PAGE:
Melissa McCarthy Brings Laughs and Love to Santa Barbara
Melissa McCarthy and moderator Anne Thompson (Photo: Fritz Olenberger)
By Lauren Bray
Actress Melissa McCarthy arrived at the sold-out Arlington Theater to receive the Montecito Award on Sunday evening for her Oscar-nominated role in "Can You Ever Forgive Me?"
The excited crowd gave her a standing ovation when she took the stage before sitting down with Anne Thompson from IndieWire. Starting at the beginning of her career, McCarthy explained growing up on a farm in a small Illinois town. She began making theatrical costumes stating she could be anyone in costume and enjoyed dressing up as a self-proclaimed "punk."
After moving to Colorado and New York, she settled in Los Angeles and found a home at the Groundlings for improv comedy. She credited comedic actress and fellow Groundlings alum Jennifer Coolidge for calling a casting agent which ultimately got her a role in the film "Go," her first-ever acting job. After showing clips of McCarthy's early work in "Go," "Charlie's Angels," and "The Nines," she asked, "What happened to my voice? My voice was so high. It's like I’ve been smoking Paul Malls all these years."
While being a waitress and a nanny to make money, she gave herself until age 30 to actually make money or find another career. Two weeks before her 30th birthday, she booked the role of Sookie in "Gilmore Girls."
Alex Borstein was originally selected for the role but she was contractually obligated to MadTV at the time, so it went to McCarthy who is still in awe that her first job lasted for seven years. “I really loved doing that show. It was such a great group of people. I felt really lucky to be a part of something like that.” In speaking about the show's creator, McCarthy said, she loved the world Amy Sherman-Palladino built.
Her breakout film role was undoubtedly Megan in "Bridesmaids." She described her joy of working on the film as a "fever dream." Although initially, she thought she blew it in her audition with co-star Kristen Wiig, director Paul Feig, and producer Judd Apatow. McCarthy and her longtime friend Wigg went into some deep improvisation as their characters which at one point involved discussing sexual "fin-play" with dolphins. She thought that she went too weird and failed the audition, but in fact received the role.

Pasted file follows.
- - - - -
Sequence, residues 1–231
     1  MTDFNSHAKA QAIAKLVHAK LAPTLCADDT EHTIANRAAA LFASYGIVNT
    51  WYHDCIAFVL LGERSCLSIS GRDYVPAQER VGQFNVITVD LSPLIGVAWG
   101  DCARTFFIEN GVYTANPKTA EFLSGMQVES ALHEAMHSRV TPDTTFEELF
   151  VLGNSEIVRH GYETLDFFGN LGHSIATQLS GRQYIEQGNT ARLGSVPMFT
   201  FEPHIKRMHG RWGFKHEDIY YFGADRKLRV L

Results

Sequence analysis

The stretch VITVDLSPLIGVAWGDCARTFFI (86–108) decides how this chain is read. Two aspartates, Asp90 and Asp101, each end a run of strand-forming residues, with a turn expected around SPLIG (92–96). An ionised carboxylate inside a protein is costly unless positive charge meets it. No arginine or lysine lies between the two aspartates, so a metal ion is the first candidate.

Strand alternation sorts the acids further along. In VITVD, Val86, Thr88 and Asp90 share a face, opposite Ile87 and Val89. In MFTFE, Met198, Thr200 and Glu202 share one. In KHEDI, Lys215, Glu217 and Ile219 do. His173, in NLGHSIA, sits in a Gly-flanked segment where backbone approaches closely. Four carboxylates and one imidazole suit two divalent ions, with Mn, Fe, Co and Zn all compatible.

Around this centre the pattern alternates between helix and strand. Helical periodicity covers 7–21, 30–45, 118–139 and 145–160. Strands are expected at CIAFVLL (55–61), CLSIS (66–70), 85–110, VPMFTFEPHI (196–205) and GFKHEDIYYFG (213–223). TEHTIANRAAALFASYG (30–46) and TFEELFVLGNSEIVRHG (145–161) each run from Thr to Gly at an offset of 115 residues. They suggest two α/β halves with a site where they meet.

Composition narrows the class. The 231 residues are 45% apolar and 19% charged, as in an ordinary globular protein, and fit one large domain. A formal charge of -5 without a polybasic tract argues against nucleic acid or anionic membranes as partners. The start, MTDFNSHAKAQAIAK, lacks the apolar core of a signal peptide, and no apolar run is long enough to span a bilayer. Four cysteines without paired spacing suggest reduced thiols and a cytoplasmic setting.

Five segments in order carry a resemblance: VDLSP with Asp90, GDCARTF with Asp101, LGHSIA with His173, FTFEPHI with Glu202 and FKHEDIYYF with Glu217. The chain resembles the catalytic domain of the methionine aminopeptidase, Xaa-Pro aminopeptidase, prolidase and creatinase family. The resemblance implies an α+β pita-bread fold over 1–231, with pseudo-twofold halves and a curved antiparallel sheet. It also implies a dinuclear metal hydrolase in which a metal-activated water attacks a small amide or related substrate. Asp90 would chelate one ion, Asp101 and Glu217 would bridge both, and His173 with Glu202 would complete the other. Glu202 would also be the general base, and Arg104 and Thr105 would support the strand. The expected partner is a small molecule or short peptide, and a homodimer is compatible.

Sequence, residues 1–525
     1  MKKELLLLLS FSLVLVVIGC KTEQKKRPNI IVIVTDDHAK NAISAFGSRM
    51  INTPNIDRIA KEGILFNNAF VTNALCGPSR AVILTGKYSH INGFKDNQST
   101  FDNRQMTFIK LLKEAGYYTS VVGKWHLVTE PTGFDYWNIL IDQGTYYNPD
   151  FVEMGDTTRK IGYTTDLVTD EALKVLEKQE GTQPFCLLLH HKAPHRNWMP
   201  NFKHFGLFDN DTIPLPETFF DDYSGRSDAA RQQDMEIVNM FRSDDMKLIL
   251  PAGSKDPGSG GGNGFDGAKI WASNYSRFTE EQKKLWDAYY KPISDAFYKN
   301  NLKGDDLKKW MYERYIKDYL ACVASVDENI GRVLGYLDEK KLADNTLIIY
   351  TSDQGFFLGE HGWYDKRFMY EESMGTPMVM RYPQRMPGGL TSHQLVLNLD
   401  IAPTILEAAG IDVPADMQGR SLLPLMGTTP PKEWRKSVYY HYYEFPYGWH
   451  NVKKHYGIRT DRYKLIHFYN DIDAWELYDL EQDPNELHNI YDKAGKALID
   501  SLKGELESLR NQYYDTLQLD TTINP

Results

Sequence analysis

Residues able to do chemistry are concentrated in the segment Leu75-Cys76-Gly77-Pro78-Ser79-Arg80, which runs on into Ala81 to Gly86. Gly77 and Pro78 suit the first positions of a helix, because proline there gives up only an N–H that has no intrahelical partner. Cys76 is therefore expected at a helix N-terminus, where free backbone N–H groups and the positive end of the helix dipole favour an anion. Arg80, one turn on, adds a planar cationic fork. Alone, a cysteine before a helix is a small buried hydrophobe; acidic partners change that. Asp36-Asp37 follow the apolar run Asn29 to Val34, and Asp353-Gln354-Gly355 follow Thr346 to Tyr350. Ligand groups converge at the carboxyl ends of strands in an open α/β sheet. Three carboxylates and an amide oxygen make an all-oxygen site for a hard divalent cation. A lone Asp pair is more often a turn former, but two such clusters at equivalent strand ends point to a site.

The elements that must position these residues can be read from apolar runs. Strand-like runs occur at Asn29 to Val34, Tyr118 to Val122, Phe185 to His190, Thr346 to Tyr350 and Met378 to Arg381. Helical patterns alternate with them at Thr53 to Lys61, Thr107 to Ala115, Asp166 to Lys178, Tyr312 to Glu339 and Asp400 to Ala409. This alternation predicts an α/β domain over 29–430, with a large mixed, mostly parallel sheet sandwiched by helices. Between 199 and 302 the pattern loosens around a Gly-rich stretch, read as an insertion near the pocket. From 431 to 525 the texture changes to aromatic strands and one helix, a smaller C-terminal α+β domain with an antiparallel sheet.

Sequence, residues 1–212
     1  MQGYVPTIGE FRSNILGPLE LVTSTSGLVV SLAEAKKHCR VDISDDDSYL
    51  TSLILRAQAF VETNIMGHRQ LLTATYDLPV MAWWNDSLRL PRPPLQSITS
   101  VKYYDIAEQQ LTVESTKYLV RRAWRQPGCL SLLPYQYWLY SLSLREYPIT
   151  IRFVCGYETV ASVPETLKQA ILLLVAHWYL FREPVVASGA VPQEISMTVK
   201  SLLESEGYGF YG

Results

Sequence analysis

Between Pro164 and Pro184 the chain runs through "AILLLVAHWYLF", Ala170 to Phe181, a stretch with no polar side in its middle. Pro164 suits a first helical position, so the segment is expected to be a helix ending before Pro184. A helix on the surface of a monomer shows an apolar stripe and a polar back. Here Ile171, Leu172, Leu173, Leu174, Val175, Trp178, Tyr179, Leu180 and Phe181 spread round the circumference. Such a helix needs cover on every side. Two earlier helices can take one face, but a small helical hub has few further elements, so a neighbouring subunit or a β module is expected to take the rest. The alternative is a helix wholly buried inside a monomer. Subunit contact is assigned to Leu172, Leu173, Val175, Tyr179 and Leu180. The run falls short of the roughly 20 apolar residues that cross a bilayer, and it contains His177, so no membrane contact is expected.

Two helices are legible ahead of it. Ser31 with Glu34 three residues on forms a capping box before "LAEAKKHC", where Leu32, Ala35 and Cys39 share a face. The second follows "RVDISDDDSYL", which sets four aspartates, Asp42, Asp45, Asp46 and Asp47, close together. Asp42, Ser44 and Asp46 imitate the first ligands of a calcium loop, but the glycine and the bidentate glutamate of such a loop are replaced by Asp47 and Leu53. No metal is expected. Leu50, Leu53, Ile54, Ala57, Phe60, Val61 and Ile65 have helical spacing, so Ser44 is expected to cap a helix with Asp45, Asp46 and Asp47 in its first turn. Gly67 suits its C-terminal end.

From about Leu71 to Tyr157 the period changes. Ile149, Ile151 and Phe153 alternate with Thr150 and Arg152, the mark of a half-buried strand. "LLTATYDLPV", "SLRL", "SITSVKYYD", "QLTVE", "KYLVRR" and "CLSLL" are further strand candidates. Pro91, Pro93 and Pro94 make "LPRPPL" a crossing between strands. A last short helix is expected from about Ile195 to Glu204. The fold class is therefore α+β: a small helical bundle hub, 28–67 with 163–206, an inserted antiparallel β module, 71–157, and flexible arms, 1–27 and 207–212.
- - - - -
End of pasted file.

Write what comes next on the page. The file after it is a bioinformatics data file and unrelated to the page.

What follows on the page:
On the infamous food poisoning scene that shows explosive diarrhea and vomit at a bridal store, McCarthy described not being a fan of bathroom humor. “None of us wanted it to be the gross out scene but we all started talking about how embarrassing it would be while you are trying to maintain your dignity and everyone’s body is disintegrating in front of you. It became about us bonding in the weirdest possible way,” she said.
For her role in "Hangover III" McCarthy had the crowd laughing after a scene was shown where she was rude to Bradley Cooper's character and the woman who played her mother, yet bonded with Zack Galifianakis' character. “I thought I wonder if anyone has ever just shunned [Bradley Cooper] like this. I thought, this is probably good for him,” she said. "It wasn’t written as being that cruel to the woman that was playing my mother. Once the gloves are off and everyone is ready to go for it, if you go too far your director will protect you and not use it but every now and then you go hard and it works.”
When creating a character McCarthy stated that she starts with the wig and works her way down. When asked what characters she doesn't like to play, McCarthy explained any type of bummer female role where the men are fun and interesting, but the women were not. “You have to really fight for good material. I kept saying why is every part such a bummer. Can I just have a point of view? Can I be more than bland? I don’t know how to play pleasant... clearly,” she said to crowd laughter.
McCarthy describes being drawn to qualities in people and tends to fixate on them. Once she has an image of them, she feels compelled to tell their story. “I like the person that you see walking through the grocery store and you’re like ‘well today is purple huh.’ You’re on your own beat. Those are the characters I fall in love with,” she said.
When asked about producing and directing, McCarthy stated she likes to build a project from the beginning as much as being in front of the camera. “I am ready to direct. I did some Mike and Molly’s and I did a short for the Oscars and I loved it. I would like to not be in it. I just want to be there and concentrate on the people in it,” she said.
McCarthy’s "Can You Ever Forgive Me?" co-star Richard E. Grant presented the award and began his presentation with a google translation of the meaning of McCarthy, loving.
“I have yet to meet anyone who doesn’t have loving words to say about her,” he said.
McCarthy accepted her award giving thanks to the Santa Barbara International Film Festival for “shining a light on these types of movies.”